Dore Law - February 2020

THE D or É R eport

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A lot of not-so-great things happened in 2019. The Houston Astros fell in Game 7 of the World Series, there was a college admissions scandal, the Notre Dame Cathedral caught fire … oh, and over 300 oil and gas-related companies filed bankruptcy. At the beginning of 2019, one of the things our firm endeavored to do was keep an active list of oil and gas bankruptcy cases filed in the U.S. throughout the year. Every day, we checked the filings for new cases and added what we found to the Bankruptcy Tracker 2019. You may have noticed that we added a Bankruptcy Tracker section each month to our Doré Report newsletter (the full tracker database is available upon request). The results were staggering. January started out very slow with only one small Chapter 7 filing in California. February had 13. March had 55. The 309th entity filed on Dec. 16. What caused this second wave of oil and gas bankruptcies in five years? This past year, we saw what most in the industry would call another downturn, largely spurred by the continuously depressed commodity prices. We spent most of the year avoiding the D-word, but it remained an unspoken truth. Oil prices spent most of the year in the $50 range, which didn’t help the cause. Another factor is that the industry tried to pick up where it left off after the 2014 downturn. But this time, a lot of traditional bank lenders were generally nervous to get

back into the oil and gas business. Several major lenders had begun withdrawing from the space completely. Instead, we saw a lot of private equity groups throw their names (and their money) into the hat. These new lenders introduced fresh attitudes to an industry traditionally known for drastic overspending. A focus seemed to be placed on cash flow, which many exploration and production/other oilfield service companies seemed to struggle with. Before you knew it, the monies started drying up along with new drilling permits. As we have written about before in the Doré Report newsletter, we saw a rise in “Chapter 22” bankruptcies (a company’s second chapter 11). This was probably the result of overly optimistic trend lines and projections of where the industry would be post-2014. This time around, we aren’t seeing those overly optimistic speculations from the bankers, financial advisors, attorneys, or other industry professionals. Everyone settled down into a wait-and-see attitude, which is where we remain today. So, the question is “What can we expect to see in 2020?” Probably more of the same for a little while. But if these past five years have shown us anything, it is that the industry is resilient.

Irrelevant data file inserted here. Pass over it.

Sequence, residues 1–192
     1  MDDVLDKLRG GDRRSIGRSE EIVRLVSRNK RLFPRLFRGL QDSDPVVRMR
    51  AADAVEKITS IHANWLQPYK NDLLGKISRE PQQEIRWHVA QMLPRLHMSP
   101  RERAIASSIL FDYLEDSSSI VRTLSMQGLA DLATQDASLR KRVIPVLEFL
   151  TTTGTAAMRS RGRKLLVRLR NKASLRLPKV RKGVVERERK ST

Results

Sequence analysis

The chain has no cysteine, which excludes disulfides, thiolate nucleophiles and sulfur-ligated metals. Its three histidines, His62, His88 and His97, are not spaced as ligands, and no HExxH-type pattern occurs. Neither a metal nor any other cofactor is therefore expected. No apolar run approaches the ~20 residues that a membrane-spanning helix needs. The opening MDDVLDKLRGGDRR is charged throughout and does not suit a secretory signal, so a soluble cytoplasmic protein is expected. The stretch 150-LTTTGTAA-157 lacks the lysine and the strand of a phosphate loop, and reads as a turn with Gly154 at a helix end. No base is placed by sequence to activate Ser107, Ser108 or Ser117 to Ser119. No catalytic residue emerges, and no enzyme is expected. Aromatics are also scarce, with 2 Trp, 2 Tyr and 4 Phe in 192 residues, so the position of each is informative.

After all, it wasn’t all bad in 2019. The U.S. Women’s National Soccer team won another World Cup. Jose Altuve hit a walk-off home run against the Yankees in the ALCS. We have seen a meaningful rise in bankruptcies filed in Houston courts, meaning fewer oil and gas debtors are filing bankruptcies in Delaware away from their creditors. We have seen a rise in the trend of debtors taking care of their service companies through “critical vendor,” “operating expenses,” and “lienable operating expenses” motions. Overall, the number of 2-cents-on-the-dollar unsecured recoveries is way down. Why is that? We prepare. Our job is to keep you in a position to protect your claims and navigate through the complex bankruptcy process. We file perfect liens, and we act quickly. Remember, the companies that learn to operate profitably during the tough times will be best positioned to thrive in the years to come. Doré Rothberg McKay is pledged to help you get there.

-Zachary McKay

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